Can I Change a Guilty Plea?
Although it should go without saying that no guilty plea ought to be entered in any criminal case unless all the evidence has been considered – as it is not easy to later change a guilty plea. But regrettably, we see an increasing number of people, who have attended court alone, being pressured into entering a plea without having had the advantage of legal advice.
It is vital in all cases that legal advice is sought as early as possible to ensure the best outcome can be secured.
Many people believe it is a straightforward matter to change a guilty plea and enter into a not-guilty plea instead. However in reality reversing a guilty plea can often be very difficult and requires a carefully crafted legal argument to be presented to the court.
Ordinarily, a court will only set-aside a guilty plea if it can be shown that the plea is equivocal (uncertain) in the first place.
The relevant principles have been rehearsed in many cases, but perhaps most famously in P. Foster (Haulage) Ltd v Roberts where the court observed:
“For a plea to be equivocal the defendant must add to the plea of guilty a qualification which, if true, may show that he is not guilty of the offence charged. An example of this type of qualification is found where a man charged with handling a stolen motor car pleads ‘guilty to handling but I didn’t know it was stolen’”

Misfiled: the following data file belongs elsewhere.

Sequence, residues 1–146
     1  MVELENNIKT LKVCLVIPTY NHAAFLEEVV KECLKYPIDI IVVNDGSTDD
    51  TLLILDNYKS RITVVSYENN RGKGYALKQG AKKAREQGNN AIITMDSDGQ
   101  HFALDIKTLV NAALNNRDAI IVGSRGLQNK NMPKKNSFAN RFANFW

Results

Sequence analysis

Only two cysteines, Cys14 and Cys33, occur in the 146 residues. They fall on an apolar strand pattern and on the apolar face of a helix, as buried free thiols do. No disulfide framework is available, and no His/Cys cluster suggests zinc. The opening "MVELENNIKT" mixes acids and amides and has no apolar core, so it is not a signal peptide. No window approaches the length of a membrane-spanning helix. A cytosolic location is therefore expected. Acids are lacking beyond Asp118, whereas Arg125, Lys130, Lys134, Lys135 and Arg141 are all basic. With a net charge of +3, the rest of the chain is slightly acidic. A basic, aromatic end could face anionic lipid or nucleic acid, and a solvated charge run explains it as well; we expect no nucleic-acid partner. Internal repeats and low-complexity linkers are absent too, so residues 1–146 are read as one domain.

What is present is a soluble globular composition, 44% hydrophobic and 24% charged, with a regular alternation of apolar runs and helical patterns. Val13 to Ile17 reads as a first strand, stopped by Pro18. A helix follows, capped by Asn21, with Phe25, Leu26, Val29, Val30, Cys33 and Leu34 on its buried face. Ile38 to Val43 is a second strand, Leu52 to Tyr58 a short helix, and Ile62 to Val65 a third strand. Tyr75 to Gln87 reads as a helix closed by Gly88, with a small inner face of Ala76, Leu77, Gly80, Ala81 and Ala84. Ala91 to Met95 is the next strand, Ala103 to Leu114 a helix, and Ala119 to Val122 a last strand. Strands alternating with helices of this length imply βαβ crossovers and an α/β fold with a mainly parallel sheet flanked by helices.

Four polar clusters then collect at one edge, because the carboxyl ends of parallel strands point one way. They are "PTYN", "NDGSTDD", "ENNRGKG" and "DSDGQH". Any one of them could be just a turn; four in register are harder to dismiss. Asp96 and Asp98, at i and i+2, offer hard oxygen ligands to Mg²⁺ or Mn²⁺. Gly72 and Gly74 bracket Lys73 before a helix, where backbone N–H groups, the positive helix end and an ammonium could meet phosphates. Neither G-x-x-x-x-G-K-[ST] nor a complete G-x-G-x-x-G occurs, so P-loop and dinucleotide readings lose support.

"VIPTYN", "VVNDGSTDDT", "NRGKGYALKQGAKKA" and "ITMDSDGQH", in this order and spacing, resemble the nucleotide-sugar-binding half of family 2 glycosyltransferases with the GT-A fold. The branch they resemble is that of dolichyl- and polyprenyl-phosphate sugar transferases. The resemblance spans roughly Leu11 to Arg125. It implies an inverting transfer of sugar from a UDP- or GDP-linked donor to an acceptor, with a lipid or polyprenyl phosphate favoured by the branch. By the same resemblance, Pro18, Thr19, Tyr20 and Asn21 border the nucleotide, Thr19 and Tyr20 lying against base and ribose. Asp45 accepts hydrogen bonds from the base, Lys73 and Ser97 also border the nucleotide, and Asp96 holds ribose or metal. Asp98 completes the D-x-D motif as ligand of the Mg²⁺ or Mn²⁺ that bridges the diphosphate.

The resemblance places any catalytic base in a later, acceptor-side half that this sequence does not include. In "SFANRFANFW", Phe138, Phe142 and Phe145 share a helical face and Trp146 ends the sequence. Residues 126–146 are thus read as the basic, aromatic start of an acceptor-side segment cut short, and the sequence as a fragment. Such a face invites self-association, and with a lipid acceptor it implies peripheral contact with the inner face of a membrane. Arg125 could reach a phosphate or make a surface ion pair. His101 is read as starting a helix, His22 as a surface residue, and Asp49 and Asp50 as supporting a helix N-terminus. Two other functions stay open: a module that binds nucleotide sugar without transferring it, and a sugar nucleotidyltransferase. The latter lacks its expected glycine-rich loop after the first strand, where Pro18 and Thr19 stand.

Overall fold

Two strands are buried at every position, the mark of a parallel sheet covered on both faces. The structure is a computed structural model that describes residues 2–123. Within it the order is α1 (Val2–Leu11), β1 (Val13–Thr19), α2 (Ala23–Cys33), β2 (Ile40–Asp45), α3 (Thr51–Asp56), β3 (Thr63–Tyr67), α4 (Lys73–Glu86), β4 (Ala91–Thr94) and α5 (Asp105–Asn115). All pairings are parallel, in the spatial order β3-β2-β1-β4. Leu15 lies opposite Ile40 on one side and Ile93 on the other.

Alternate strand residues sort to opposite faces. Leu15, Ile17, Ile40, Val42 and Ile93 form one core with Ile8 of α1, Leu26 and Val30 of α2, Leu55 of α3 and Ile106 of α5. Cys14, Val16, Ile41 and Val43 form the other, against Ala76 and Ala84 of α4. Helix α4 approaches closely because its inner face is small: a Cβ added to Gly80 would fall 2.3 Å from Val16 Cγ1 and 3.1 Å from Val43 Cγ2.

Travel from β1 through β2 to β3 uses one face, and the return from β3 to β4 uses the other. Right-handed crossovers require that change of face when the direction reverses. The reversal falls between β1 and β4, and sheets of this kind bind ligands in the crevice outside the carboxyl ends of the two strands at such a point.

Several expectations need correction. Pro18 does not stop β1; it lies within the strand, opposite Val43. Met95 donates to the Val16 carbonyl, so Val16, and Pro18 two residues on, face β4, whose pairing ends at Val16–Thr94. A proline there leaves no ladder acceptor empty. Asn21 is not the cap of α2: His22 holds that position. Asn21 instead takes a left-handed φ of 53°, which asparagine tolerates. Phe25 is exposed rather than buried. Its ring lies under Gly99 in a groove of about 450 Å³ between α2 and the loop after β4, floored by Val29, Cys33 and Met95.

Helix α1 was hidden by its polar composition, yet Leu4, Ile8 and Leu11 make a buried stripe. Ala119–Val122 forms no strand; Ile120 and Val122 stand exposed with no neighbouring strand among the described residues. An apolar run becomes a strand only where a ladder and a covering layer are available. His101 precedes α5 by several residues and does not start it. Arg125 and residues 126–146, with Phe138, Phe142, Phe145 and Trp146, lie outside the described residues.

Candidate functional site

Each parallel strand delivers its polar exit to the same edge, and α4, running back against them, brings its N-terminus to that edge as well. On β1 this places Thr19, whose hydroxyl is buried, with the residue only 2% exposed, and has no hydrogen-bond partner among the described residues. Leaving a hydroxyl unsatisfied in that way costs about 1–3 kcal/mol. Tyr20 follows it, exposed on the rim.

Other factors, such as being influenced by a belief only a guilty plea would secure bail, may also result in a plea being judged as equivocal. In a number of recent cases, a plea has been treated as equivocal where the defendant was not informed of a legal defence that was available to him, resulting in convictions being set-aside.
Such as in the case of Malak  where the appellant was not informed by his barrister of an available defence the court held:
“We agree with counsel’s description of the oversight as rather fundamental. This was a clear case of an equivocal plea.”
This is an interesting observation by the Court of Appeal as many defendants who enter pleas in the absence of legal advice would have little if any legal knowledge, it suggests that the scope for setting aside a guilty plea may well be broader than many lawyers appreciate.
How Tuckers Solicitors can help you…
To discuss anything to do with equivocal pleas please contact us on 020 7388 8333 or email firstname.lastname@example.org and we will gladly assist.
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